Jean Paul Gaultier has been one of the biggest names in fashion for decades. Launching his brand in 1982, he almost immediately became known as the "enfant terrible" of fashion. Gaultier was exploring trends and ideas that many others found absurd at the time. Some of these trends include skirts for men, sheer "tattoo" tops, and cone bras. He uses his sense of humor to bring up very real subliminal messages, including gender attitudes, social values, and cultural morality.

Gaultier grew up in Paris' outskirts, in a little area known as Arcueil, with his grandmother. Uninfluenced by the beauty and glamour coming out of Paris's heart, Arcueil established itself as a working-class town. Marie Garrabe, his grandmother from Arcueil, gave beauty advice and practiced fortune-telling. Gaultier spent time at his grandmother's house every week, and this is where Gaultier began drawing. Gaultier drew the women who visited his grandmother, stating that "I would draw them, according to my imagination, I wanted them to look - in evening gowns, perhaps with incredible hairstyles."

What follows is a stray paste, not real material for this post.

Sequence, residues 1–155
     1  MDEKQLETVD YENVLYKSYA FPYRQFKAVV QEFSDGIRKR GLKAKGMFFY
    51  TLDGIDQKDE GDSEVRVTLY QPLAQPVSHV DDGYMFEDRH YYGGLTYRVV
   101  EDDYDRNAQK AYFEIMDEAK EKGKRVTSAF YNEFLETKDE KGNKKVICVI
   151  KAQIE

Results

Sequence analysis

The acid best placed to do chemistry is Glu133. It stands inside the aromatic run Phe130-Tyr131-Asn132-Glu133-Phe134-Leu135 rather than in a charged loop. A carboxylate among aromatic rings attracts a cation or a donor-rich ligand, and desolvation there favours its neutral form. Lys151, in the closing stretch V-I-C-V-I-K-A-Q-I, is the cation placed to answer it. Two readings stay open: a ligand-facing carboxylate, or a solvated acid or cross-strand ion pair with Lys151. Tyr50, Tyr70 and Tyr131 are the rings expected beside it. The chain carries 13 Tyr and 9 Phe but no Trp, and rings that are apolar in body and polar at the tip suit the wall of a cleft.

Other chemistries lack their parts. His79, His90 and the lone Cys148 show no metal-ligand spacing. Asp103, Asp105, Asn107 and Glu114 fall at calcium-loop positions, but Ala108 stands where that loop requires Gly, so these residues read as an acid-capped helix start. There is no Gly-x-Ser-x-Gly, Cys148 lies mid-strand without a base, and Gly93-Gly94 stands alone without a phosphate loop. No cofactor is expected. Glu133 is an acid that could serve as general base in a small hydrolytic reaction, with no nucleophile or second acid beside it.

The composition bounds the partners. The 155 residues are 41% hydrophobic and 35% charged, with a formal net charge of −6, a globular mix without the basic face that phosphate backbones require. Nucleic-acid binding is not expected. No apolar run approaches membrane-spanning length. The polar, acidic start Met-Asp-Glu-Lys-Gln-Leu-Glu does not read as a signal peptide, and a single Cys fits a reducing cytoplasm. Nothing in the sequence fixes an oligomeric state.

Television began Gaultier's journey into fashion. His grandmother let him watch programs forbidden to the other children. Here he saw outfits that he could not even comprehend. He began drawing figures wearing different outfits he saw on TV. Gaultier began to get so invested in drawing that he would pretend to be sick to sketch all day. Fashion, in Gaultier's eyes, was haute couture. He adored exclusivity, the high-end fashion, the expensive materials, and garment placement. By the end of schooling, Gaultier produced hundreds of drawings a week. He was creating entire collections by hand, trying to imagine how Christian Dior and Yves Saint Laurent were doing it. This marked the beginning of the enfant terribles career.

Written by Henry White

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